Tamil Nadu is now trying to climb up the value chain of innovation and intends to become a major player in the global IT industry. Its government has recognised IT as a thrust area that has the potential to accelerate economic development of the state.
It has multiplied efforts to create a business environment in the state that is conducive to rapid IT development. In 1997, it became the first Indian state to announce a comprehensive IT policy; and it later set-up a special Task Force, with representatives from government, industry and academia, to oversee its implementation.
It has also established an IT department -- another first in India -- to speed up the adoption of IT within the entire administration.
What makes Tamil Nadu's IT policy unique is its dual focus on both the 'demand' and 'supply' side of the IT market, as well as its willingness to address both the 'physical' and 'institutional' infrastructure issues, an objective often neglected by other Indian states.
The IT industry in Tamil Nadu has lately been performing extremely well, growing at a higher rate than its competing neighbour states.
In 1998, its software exports valued at $ 300 million, contributed to 15 per cent of the country's software exports. Tamil Nadu today has the largest number of software professionals in India and also boasts of the largest mainframe computing capacity in the country.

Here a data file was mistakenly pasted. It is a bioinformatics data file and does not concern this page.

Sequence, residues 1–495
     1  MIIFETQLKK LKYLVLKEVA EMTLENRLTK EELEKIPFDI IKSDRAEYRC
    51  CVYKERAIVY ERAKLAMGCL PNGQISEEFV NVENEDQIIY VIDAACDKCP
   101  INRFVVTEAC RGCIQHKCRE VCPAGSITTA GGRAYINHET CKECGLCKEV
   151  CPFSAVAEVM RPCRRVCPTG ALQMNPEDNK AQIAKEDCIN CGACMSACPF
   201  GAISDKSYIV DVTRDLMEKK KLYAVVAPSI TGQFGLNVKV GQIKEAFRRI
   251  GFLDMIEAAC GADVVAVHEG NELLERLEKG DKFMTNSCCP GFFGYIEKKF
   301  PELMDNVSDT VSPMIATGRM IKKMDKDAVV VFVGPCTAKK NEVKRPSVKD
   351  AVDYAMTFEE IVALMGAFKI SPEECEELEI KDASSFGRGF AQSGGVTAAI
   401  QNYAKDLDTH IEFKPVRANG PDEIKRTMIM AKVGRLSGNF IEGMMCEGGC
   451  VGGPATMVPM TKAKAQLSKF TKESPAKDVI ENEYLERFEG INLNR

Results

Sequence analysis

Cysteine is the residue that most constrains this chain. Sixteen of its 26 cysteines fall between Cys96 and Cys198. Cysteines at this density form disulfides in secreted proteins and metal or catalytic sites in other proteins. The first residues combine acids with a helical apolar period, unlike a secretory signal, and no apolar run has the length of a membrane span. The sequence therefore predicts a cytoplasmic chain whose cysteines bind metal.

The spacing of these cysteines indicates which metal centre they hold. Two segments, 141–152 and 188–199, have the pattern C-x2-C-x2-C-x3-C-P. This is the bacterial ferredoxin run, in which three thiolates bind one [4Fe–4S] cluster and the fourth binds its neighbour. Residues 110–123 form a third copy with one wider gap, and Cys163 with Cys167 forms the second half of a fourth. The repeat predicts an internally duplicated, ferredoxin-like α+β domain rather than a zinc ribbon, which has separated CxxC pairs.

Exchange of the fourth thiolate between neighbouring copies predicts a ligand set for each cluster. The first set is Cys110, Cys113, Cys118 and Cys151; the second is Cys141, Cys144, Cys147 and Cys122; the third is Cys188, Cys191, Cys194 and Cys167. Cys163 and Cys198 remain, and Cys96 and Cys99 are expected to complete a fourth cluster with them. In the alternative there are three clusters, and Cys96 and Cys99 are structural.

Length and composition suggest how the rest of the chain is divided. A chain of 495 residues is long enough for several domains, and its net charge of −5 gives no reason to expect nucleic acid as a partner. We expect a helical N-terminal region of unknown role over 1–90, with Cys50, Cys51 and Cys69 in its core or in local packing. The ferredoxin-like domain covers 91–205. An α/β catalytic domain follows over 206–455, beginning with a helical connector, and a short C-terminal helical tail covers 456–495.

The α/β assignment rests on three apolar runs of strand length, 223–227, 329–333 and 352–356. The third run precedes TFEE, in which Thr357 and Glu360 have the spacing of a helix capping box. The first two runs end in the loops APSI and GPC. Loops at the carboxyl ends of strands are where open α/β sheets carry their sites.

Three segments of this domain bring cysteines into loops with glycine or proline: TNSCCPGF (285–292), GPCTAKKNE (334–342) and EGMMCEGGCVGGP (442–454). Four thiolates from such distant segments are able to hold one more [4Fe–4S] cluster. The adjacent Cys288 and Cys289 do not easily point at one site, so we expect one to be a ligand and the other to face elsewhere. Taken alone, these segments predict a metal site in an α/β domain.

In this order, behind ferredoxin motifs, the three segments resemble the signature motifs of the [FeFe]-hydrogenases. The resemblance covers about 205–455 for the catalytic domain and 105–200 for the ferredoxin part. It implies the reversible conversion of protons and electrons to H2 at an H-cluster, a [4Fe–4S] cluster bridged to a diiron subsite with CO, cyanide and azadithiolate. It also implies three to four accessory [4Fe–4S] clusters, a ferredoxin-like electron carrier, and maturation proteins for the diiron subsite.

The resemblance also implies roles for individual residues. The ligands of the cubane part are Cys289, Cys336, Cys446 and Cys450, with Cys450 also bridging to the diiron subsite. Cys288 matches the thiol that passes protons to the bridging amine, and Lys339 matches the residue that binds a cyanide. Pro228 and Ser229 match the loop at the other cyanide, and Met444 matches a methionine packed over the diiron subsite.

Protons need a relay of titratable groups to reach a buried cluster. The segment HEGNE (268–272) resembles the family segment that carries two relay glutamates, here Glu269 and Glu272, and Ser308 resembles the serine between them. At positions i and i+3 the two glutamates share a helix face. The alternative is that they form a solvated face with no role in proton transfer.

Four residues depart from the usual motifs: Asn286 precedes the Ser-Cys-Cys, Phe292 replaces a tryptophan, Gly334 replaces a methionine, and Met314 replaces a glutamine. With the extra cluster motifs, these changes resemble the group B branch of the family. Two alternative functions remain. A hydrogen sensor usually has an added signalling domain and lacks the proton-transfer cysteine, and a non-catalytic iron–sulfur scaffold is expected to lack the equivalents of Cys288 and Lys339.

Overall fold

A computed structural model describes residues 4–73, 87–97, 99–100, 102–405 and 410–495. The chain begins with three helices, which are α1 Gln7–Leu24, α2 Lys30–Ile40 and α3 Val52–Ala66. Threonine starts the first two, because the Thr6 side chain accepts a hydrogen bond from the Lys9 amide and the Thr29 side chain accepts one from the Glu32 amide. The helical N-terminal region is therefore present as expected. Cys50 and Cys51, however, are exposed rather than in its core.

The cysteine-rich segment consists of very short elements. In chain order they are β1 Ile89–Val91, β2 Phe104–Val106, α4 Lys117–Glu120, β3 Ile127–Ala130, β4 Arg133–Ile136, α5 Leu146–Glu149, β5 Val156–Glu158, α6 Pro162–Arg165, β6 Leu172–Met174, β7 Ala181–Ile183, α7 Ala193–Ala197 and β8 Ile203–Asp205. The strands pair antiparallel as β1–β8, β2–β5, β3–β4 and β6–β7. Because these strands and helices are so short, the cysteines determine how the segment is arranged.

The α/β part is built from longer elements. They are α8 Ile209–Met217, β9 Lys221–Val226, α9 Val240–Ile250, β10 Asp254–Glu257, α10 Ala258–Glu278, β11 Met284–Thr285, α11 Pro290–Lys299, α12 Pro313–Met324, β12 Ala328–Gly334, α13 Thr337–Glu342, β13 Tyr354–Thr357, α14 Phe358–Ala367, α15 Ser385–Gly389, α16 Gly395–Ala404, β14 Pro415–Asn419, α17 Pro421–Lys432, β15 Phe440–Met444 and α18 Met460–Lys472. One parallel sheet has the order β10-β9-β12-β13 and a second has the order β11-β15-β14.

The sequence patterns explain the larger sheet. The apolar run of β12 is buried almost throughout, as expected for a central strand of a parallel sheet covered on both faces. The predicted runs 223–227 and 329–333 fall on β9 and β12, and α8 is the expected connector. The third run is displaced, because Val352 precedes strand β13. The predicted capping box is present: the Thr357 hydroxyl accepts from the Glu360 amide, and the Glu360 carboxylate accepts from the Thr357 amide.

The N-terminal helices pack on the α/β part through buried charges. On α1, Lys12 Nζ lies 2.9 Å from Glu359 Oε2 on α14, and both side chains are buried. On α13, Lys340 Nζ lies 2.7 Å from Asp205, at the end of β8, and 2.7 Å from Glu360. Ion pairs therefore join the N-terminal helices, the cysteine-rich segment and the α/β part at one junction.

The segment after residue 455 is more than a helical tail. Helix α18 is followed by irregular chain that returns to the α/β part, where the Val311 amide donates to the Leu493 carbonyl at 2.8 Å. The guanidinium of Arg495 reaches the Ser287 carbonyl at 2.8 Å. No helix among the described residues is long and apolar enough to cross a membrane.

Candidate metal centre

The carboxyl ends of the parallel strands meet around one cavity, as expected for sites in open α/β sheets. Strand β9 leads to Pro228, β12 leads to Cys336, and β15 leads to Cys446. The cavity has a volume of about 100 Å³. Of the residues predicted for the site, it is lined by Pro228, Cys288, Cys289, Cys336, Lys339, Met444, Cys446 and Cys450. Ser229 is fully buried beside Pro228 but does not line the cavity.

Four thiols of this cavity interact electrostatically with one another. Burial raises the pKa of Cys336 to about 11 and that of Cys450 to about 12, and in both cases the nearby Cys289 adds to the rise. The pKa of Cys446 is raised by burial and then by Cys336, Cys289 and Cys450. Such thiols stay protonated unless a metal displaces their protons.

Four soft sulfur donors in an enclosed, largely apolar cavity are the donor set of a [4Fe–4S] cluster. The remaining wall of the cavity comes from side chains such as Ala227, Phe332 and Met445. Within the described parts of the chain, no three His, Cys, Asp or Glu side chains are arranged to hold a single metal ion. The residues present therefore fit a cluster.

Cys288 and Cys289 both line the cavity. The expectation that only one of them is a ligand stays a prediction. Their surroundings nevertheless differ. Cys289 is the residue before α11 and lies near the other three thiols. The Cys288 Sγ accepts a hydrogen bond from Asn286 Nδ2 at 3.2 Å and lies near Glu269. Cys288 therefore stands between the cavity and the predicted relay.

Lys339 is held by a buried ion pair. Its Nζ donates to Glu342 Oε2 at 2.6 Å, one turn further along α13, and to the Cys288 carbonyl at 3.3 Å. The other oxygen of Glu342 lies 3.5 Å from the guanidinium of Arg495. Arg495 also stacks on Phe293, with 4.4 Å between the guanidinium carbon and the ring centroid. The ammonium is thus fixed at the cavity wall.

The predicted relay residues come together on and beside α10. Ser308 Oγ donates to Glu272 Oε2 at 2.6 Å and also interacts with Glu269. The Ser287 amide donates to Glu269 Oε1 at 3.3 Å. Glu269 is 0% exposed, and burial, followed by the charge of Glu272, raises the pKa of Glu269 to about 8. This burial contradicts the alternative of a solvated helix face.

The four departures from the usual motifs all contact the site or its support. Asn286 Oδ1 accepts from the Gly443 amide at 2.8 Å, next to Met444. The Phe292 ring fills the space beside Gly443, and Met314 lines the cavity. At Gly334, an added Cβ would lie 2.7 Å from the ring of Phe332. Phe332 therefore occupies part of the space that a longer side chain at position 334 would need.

Madras, the state capital, is fast emerging as a prominent development centre for multimedia software applications: PentaMedia Graphics (formerly called Pentafour Software), a local IT firm, now designs multimedia content for Hollywood animation movies.
International software majors like Alcatel, EDS and IBM have already opened office in Madras. Domestic software giants like TCS, Infosys and Wipro, too, operate large development centres in Madras.
A NASSCOM study has rated Madras as the best location for setting up software projects within India.
Undoubtedly, the first step in a successful state-level IT development strategy is the creation of an institutional infrastructure that supports the establishment of an IT industry.